As a follow-up to my recent posts on the 2012 proxy season entitled, “Silent Majority Speaks” and “Just a Small Leak“, I’d like to pass along to you a website that provides valuable information about corporate proxies.
This website, I’m pleased to report, will not likely cause your eyes to glaze over with boredom.
Created by Equilar, the compensation consulting company that I’ve mentioned in prior posts, this website presents short and informative videos on corporate proxy issues.
I’ve listed the website below for your review. Let me know what you think.
As always, please call me to help your company with raising equity or debt or to complete M&A projects.
Dennis McCarthy – firstname.lastname@example.org - (213) 222-8260
Roche’s hostile offer for Illumina is a great case study to follow up my post “M&A Defense Checklist” and to prove that old adage that “the devil’s in the details”.
The Roche hostile offer for Illumina highlights two of my points,
Now there is higher risk of hostile activity for all companies. Illumina, before the offer, was trading at 4x revenue and 14x EBITDA: not what you’d consider a low valuation target although its stock at $37.69 was below its 52 week high of $79.40.
Companies should carefully review their M&A defenses to uncover and potentially fix any weaknesses before an aggressor uses them against the company.
As background on this case, after what appears to be a short courtship period, Roche launched a hostile tender offer to shareholders to buy Illumina at $44.50/share an 18% premium to Illumina’s closing price the day before the offer. Roche also announced that it intends to wage a proxy battle which would result in its slate of nominees comprising a majority of the Illumina board.
In this post, I highlight key points from an impressive article entitled “The Chink in Illumina’s Defense” by Steven M. Davidoff, writing as The Deal Professor, a commentator for the New York Times’ “DealBook”. The article speculates that Roche’s proxy battle strategy will likely include proposals to:
Nominate board candidates for the 4 seats up for election this year;
Propose a by-law amendment to expand the size of the board by two members to 11 and nominate those two board candidates; and
Propose a shareholder vote to remove all of Illumina’s board without cause.
Illumina’s defenses include:
Staggered board of nine members with only 4 up for election this year;
Supermajority vote of 67% of all shares outstanding required to amend a by-law;
Shareholders can’t call a special meeting;
Shareholders can’t act by written consent; and
Poison pill which had expired in 2011 but could be reinstated by board action alone.
Proving that time-tested maxim, “the devil’s in the details”, here’s what we might learn from issues with Illumina’s defenses that Roche may be exploiting according to “The Chink in Illumina’s Defense”.
Certain key elements of Illumina’s defenses are contained in its by-laws, not as charter provisions. A corporate provision contained in a company’s by-laws may be amended by shareholder action without board action. In contrast, a provision in a company’s charter requires approval by both the board and shareholders.
Illumina’s by-laws specify the size of the board which Roche is proposing to expand by two to eleven members of which Roche’s slate of 6 would constitute a majority. Shareholders can approve, albeit by 67%, this by-law amendments to expand the board without board approval.
Illumina’s by-laws also permit removal of board members without cause upon approval by a simple majority of the votes cast at the meeting, a relatively low threshold. Delaware law requires the provision for removal of board members without cause to be in a company’s charter so this provision will, no doubt, trigger litigation as to its validity and usefulness in Roche’s attack.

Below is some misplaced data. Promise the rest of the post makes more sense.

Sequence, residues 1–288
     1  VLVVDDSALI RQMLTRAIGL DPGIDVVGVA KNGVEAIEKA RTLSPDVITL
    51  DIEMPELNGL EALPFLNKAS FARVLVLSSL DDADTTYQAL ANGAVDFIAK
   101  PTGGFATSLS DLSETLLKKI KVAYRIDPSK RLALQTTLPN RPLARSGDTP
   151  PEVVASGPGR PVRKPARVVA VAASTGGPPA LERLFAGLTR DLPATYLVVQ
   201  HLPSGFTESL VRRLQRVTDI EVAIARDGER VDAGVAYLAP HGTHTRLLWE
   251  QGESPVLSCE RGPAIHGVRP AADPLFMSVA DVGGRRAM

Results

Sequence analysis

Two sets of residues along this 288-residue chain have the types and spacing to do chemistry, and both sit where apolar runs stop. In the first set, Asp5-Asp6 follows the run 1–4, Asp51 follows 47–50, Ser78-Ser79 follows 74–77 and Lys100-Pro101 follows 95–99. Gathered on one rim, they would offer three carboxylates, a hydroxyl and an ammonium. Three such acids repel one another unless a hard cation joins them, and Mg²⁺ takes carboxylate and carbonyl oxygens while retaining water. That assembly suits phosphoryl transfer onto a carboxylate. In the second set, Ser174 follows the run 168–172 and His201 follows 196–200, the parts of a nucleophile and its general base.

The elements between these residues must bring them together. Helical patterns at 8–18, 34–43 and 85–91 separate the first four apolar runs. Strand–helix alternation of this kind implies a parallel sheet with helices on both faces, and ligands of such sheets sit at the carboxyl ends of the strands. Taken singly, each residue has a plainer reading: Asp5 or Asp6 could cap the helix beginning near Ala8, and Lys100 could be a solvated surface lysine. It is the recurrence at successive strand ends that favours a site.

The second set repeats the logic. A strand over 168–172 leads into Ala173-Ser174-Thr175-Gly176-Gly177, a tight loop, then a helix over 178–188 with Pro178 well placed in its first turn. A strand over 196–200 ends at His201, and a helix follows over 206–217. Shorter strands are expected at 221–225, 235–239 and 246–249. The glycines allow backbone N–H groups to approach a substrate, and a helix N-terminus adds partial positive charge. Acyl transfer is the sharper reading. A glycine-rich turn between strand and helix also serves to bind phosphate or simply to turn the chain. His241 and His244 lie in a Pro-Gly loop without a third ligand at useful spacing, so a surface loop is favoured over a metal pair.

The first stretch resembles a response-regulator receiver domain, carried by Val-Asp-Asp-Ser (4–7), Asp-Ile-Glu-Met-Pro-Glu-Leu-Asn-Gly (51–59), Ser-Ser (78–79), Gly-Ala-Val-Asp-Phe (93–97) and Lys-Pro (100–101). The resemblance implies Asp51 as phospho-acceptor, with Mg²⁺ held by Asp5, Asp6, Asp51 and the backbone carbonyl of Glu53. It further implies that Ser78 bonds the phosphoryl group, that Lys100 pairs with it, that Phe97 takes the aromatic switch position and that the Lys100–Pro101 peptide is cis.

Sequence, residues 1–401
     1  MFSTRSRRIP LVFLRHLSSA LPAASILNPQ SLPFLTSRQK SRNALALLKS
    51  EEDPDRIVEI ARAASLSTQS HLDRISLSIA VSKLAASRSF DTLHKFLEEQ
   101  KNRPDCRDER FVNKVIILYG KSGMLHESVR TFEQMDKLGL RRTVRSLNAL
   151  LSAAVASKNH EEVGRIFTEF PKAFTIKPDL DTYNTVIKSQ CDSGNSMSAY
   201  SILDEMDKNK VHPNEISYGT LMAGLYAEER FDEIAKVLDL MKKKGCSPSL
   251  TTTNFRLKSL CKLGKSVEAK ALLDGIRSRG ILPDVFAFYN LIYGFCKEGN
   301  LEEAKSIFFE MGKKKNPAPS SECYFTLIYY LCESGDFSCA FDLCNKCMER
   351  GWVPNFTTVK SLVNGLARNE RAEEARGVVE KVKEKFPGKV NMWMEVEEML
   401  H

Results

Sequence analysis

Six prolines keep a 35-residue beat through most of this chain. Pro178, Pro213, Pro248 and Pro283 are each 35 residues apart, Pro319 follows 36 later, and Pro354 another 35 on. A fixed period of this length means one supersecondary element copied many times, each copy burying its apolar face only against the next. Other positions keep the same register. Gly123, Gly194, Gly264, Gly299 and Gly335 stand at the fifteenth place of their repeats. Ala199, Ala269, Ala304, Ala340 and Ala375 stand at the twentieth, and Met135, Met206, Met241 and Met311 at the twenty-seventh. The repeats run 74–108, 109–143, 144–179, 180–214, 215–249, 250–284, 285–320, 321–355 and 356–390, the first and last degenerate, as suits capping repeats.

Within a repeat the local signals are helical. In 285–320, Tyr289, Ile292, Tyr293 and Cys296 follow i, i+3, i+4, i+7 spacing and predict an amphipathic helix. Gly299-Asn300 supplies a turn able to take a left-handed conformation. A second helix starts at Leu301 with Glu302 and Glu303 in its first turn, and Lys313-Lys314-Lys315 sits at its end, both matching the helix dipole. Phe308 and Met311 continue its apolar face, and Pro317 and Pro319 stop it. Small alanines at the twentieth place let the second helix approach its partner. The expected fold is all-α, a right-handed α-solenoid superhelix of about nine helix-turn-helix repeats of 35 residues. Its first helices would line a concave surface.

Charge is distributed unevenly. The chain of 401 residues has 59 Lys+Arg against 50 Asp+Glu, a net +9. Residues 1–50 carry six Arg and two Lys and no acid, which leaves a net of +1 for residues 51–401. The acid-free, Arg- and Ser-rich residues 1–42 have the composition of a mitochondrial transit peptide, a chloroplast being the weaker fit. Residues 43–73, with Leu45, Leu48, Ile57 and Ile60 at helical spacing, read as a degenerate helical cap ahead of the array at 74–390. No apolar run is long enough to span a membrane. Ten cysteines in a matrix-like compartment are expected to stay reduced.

Illumina’s advance notice provision for submission of proxy proposals to be included for consideration at its annual meeting requires only 90 days vs longer periods which are common. As a result, Illumina has less time to respond before its annual shareholder meeting.
Subsequent to Roche’s offer, Illumina’s share price rose well above Roche’s offer price signaling that Wall Street thinks Illumina is worth more than Roche’s offer. Also, Illumina reinstated its poison pill at a 15% threshold with updated definitions of beneficial ownership to include ownership through derivatives.
To read Roche’s offer letter to Illumina, click here or go to www.sec.gov for the recent documents filed under Illumina including its poison pill and various filings by both sides.
This is a valuable lesson for all of us, at Illumina’s expense.
Well, no sooner did I post “It’s Déjà Vu All Over Again” than I started getting requests for suggestions of what to include on a company’s M&A defense checklist.
You know, it’s simply good practice for a company to periodically review its M&A defenses.
But now, the task of reviewing a company’s M&A defenses takes on greater urgency. The risk of a company getting an unsolicited offer is higher than usual now because many large companies are loaded with cash but short on revenue growth.
So what would I recommend for the checklist?
Please understand, I’m not necessarily recommending implementation of these provisions but rather suggest they be on your company’s M&A defense review list.
First on my list is a recent hot topic – proxy access rules and advance notice bylaw provisions. Public companies should be aware of recent developments and consider updating to what’s known as “second generation” provisions.
Next on my list would be a couple charter provisions which slow aggressors. These would be (i) restrictions on a shareholder’s ability to call a special meeting, and (ii) a prohibition on shareholder action by written consent.
Of course, we can’t forget the “poison pill” or shareholder rights plan. While poison pills have declined in popularity over the last decade, we’ve seen several recent instances, Barnes & Noble, Airgas and Lions Gate, where a pill has played a key role in a company’s M&A defenses.
Even if you have a pill in place, there are a couple developments to note. One development is the special purpose pill which, for example, may be used to dissuade a shareholder from triggering tax law change of ownership provisions which impairs use of a company’s net operating loss. The second development involves expanding the definition of beneficial ownership to include sophisticated new forms of corporate ownership now available.